The **trajectory** of an object is the path it takes through space. It is often described by the position of an object as a function of time. An example is that of a cannonball, but it applies to any path such as the orbit of a planet or a rocket in space. In classical mechanics, the trajectory of a particle with mass m is described by Newton's second law,

where is the net force that acts on the particle.

## Projectile motion

A useful example of trajectories is that of projectile motion, such as the motion of a cannonball. The simplest case is that of where drag is ignored and the force of gravity on the projectile is taken to be constant. In this case, an exact solution for the trajectory may be found using the SUVAT equations. As the acceleration of the particle in the x and y directions are independent, the motion in each dimension can be considered separately. For a body with initial speed, u, fired at an angle θ above the horizontal, the x an y components of the body's velocity can be split into components: and . The x and y positions of the particle can be expressed as:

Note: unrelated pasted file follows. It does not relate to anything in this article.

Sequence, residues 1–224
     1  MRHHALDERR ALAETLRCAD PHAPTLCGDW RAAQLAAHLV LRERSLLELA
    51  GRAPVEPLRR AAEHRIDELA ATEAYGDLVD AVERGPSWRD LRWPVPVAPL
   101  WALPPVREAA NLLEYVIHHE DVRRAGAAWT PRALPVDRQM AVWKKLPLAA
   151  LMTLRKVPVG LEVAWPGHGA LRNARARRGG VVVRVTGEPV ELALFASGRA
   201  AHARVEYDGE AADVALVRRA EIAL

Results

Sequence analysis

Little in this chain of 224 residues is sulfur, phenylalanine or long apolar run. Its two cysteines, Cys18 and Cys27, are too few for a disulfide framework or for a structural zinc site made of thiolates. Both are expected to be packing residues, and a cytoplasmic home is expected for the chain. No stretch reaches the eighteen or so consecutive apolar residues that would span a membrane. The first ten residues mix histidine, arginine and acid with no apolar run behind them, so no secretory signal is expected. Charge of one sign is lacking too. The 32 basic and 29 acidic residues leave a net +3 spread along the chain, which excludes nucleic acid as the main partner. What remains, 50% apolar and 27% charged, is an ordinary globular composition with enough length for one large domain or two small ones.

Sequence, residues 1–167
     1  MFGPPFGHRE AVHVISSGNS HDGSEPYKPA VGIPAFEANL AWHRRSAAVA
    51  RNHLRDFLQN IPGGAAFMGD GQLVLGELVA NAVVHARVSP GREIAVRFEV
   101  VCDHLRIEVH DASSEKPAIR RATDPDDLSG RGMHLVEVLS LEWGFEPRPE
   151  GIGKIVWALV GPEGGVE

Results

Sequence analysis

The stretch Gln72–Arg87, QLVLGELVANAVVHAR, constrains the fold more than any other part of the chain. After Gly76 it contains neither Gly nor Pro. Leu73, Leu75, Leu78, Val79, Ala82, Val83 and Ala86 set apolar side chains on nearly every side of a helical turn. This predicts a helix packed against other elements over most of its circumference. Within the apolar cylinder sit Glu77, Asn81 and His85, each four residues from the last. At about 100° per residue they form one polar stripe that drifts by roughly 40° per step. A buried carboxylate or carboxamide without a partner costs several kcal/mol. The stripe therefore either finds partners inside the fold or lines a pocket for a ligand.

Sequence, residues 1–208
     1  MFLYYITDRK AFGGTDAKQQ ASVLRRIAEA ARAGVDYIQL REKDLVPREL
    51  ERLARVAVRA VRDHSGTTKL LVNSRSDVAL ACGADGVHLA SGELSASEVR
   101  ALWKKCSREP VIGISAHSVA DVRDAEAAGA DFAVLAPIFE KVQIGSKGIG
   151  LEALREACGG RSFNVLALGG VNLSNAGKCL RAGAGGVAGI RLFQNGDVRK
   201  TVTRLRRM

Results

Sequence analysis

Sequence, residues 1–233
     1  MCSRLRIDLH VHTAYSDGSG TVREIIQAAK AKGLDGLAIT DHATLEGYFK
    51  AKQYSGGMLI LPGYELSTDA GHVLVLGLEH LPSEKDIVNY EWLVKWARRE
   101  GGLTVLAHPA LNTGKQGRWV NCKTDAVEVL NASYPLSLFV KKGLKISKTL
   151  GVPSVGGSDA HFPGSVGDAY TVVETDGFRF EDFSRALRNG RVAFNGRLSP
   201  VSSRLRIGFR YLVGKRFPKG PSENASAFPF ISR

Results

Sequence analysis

These can be rearranged so that the trajectory followed is:

Hence the path followed by a body such as cannonball is roughly parabolic.

### Range and Maximum Height

For the case of uniform gravity and no air resistance, the range of a body can be found by solving y = 0:

The maximum height can be found as: